As the US budget deficit barrels toward $1 trillion, the White House doubles down on claim that tax cuts will 'pay for themselves'

trump tax reform

  • The Congressional Budget Office projected that the federal deficit would surpass $1 trillion this year for the first time since 2012.
  • Economists say the Republican tax bill President Donald Trump approved in 2017 has driven a sharp jump in the federal deficit.
  • But the White House is doubling down on the claim that the $1.5 trillion package will eventually break even.
  • Visit Business Insider's homepage for more stories.

The US economy is expanding at a healthy pace, with the unemployment rate at its lowest level in half a century. So why is the government increasingly spending hundreds of billions more than it takes in?

Economists say the Republican tax bill President Donald Trump approved in 2017 has driven a sharp jump in the federal deficit, which typically falls during periods of economic growth. But the White House is doubling down on the claim that the $1.5 trillion package will eventually break even.

"I stand by our comments that the tax cuts will pay for themselves," Treasury Secretary Steve Mnuchin said at a congressional hearing on Wednesday. "This will be simple math."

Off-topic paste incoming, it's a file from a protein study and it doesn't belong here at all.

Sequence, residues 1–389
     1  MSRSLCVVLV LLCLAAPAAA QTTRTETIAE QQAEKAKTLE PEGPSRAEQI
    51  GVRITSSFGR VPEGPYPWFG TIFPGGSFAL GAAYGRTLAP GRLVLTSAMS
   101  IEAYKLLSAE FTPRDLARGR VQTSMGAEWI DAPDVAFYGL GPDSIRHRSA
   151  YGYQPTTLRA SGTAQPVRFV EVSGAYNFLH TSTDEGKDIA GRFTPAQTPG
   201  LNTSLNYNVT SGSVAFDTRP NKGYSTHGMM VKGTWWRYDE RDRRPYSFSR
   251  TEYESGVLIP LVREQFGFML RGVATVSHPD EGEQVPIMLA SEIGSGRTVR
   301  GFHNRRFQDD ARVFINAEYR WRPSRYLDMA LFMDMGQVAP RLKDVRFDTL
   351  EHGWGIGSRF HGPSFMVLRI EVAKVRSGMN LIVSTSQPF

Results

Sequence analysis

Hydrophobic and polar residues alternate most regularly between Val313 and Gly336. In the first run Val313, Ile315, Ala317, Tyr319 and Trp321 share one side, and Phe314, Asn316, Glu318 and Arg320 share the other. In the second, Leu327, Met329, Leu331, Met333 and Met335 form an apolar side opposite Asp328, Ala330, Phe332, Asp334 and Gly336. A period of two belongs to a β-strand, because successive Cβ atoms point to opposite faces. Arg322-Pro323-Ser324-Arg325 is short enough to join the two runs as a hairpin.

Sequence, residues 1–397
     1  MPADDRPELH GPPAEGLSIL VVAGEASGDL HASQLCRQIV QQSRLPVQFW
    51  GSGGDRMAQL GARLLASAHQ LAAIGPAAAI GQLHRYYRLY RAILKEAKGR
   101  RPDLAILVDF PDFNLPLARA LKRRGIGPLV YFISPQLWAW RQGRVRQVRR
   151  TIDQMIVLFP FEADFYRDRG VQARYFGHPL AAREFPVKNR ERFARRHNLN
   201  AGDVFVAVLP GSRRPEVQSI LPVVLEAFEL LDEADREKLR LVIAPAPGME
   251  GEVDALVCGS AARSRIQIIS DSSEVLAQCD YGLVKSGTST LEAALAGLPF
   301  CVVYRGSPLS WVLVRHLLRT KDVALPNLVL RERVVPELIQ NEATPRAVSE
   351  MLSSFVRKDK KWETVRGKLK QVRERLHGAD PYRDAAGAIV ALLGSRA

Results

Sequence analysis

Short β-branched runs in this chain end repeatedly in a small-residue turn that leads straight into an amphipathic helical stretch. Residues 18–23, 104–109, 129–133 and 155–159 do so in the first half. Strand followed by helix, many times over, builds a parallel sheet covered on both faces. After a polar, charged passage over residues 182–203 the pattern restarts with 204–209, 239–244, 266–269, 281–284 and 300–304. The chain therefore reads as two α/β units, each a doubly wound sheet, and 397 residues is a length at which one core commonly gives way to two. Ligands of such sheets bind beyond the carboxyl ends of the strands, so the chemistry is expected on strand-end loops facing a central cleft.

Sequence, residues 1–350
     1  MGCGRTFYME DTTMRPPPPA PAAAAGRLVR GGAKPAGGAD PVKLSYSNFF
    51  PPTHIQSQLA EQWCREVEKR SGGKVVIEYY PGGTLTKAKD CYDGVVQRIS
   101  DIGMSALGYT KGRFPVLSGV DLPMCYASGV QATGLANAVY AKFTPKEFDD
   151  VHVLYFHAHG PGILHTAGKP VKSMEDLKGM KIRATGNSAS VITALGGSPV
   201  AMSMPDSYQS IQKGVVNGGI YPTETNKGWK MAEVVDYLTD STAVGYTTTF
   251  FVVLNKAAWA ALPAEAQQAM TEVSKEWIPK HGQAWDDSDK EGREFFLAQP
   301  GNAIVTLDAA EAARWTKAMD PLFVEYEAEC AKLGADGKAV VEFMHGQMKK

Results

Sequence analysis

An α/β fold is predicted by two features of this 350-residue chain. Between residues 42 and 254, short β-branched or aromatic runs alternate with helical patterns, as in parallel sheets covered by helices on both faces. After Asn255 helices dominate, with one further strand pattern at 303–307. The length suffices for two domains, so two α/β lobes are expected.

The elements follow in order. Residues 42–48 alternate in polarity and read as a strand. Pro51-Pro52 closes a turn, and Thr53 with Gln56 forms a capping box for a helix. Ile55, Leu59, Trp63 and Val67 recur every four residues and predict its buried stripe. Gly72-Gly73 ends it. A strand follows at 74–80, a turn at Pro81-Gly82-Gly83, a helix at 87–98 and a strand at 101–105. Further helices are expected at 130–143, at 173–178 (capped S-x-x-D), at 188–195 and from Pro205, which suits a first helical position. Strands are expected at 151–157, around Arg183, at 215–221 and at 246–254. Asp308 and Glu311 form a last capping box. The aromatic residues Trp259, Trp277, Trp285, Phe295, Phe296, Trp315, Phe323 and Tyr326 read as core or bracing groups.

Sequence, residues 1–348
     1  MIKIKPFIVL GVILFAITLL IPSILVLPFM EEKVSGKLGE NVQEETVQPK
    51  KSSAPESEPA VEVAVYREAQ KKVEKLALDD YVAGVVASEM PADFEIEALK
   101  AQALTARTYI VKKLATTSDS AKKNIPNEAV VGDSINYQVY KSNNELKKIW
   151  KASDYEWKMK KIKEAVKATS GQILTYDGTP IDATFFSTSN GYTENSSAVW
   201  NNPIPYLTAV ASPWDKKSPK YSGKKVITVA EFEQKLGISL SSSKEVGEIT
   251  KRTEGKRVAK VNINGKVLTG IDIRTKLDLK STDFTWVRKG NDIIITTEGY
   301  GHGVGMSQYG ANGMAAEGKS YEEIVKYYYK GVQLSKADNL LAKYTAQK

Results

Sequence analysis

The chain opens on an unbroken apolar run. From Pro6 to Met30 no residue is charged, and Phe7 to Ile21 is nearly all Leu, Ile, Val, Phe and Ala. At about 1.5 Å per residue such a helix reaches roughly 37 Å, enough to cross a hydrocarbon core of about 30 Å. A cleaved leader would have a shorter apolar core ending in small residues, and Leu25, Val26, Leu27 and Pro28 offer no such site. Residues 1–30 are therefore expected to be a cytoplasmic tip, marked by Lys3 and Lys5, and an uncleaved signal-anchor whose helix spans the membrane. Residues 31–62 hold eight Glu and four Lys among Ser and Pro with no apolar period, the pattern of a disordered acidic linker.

That was just the latest in a string of similar comments from administration officials, who have argued that lower taxes would spur enough economic activity over a decade to make up for lost revenue.

Independent economists have overwhelmingly disagreed. Tax receipts were down sharply in 2018 as the Tax Cuts and Jobs Act took effect, giving businesses the largest rate breaks in history. Republican Rep. Kevin Brady of Texas, who helped craft the package, conceded in June that it was not clear it would pay for itself.

"We will know in year eight, nine or 10 what revenues it brought in to the government over time. So it's way too early to tell," he said at an economic summit in Washington.

The White House referred requests for comment to the Council of Economic Advisers, which did not respond to multiple emails.

At the hearing, Mnuchin added that spending increases were behind the deficit and downplayed the effects of lost revenue. Bipartisan lawmakers passed a spending package last year that was expected to add about $500 billion to the national debt.

"Let me just comment that spending is increasing as well, but the trillion and a half dollars of tax cuts we have made will pay for themselves," he repeated.

The comments came just days after the Congressional Budget Office projected that the federal deficit would surpass $1 trillion this year for the first time since 2012.

"We don't need more false promises about rapid economic growth or tax cuts that will pay for themselves," said Maya MacGuineas, president of the Committee for a Responsible Budget. "We need action to reverse our trillion-dollar deficits."

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